As I walked back out to the carpark I felt absent; an emptiness in my chest that moaned like hunger. I knew I could get in my car and drive, go to sleep, wake up and keep moving. But instead I lay on the cold sand by the ocean and lingered in my grief. With climate change, half the fight is to just keep looking at it. To not let it be swept under the rug of your own consciousness. Without even knowing it, I’d been looking away, and it frightened me that it had been so easy to do so.
In the days that followed I thought a lot about hope. How it is lost and salvaged. How it can be both active and passive. It is comforting to think of hope as a deep well within us; one that will always be there to draw on in times of need. But by those involved with climate activism, hope is often spoken of as a practice, a muscle that grows stronger each time you use it. Since Chasing Coral, I’ve been reminding myself to practise hope every day. Sometimes it’s through little things like making almond milk from scratch, or riding my bike to work. Other times it’s by taking part in collective actions that speak more loudly than I ever could alone.
On October 7th, residents from the Coffs Coast and beyond will be coming together to form a ‘Stop Adani’ human sign. Its purpose is to send a clear, and powerful message to our government – capturing our refusal to accept that now is the time to build Australia’s largest ever coal mine, and to ship that coal to India across the Great Barrier Reef. The event is organised by the Coffs Climate Action Group and will begin at 1pm at Park Beach, near the Surf Club. I’ll be there standing proud. If you care about our climate, and feel like your hope muscles could do with some flexing then please come down. You are so welcome, and even more than that you are needed.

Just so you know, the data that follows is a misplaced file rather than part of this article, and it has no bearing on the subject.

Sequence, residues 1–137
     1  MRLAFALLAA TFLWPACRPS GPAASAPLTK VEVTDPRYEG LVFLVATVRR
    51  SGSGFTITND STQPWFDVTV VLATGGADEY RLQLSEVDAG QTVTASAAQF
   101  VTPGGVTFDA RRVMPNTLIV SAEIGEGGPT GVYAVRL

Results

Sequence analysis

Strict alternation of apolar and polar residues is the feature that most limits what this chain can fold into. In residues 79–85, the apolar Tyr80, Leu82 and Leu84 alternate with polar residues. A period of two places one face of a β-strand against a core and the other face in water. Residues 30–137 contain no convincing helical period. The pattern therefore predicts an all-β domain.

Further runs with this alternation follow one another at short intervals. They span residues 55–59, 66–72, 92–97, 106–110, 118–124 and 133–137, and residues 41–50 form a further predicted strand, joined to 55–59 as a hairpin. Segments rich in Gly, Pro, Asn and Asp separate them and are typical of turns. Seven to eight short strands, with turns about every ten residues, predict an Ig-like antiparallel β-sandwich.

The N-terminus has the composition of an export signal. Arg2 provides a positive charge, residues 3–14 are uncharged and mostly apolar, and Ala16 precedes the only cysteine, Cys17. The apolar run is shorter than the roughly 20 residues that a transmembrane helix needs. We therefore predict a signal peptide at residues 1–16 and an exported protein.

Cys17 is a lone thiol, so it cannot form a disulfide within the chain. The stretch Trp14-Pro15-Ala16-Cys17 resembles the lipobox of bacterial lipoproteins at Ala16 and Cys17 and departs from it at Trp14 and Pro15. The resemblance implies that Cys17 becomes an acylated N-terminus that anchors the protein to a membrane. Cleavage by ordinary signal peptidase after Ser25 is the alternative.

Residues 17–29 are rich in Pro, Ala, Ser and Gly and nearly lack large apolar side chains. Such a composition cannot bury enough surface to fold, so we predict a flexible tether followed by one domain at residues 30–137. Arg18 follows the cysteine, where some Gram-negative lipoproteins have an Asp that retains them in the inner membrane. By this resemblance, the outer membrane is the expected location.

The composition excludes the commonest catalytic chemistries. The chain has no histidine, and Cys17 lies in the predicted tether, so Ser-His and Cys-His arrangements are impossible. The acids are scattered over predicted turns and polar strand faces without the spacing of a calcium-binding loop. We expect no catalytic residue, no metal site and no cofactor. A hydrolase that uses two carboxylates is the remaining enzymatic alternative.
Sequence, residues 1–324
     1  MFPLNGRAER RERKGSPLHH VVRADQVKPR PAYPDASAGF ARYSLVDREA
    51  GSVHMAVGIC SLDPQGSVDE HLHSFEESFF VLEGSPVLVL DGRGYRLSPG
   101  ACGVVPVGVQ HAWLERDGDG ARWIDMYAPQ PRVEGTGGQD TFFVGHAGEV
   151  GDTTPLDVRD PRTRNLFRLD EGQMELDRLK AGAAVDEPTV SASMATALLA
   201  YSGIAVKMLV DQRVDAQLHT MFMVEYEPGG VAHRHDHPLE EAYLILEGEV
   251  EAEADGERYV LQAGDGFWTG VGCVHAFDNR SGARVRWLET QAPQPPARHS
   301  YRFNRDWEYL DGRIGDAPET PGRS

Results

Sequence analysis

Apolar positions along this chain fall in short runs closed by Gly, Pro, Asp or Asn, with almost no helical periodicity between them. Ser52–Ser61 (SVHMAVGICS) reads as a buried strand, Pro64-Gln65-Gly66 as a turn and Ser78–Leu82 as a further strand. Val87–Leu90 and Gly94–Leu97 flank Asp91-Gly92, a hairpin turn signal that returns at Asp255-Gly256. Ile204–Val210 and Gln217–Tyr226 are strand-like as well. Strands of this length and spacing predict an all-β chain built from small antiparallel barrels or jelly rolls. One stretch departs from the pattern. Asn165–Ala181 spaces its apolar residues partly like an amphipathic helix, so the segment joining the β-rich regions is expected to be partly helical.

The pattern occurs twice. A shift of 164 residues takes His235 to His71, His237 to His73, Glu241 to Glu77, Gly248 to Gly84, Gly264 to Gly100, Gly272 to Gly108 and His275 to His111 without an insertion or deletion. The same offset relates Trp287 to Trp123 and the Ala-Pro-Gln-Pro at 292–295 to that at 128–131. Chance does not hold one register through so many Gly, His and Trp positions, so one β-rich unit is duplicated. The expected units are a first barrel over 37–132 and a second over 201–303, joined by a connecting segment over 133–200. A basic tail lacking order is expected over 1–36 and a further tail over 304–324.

Melanie Hunter has been a resident of Coffs Harbour for 18 years. She writes many things, and sometimes other people read them.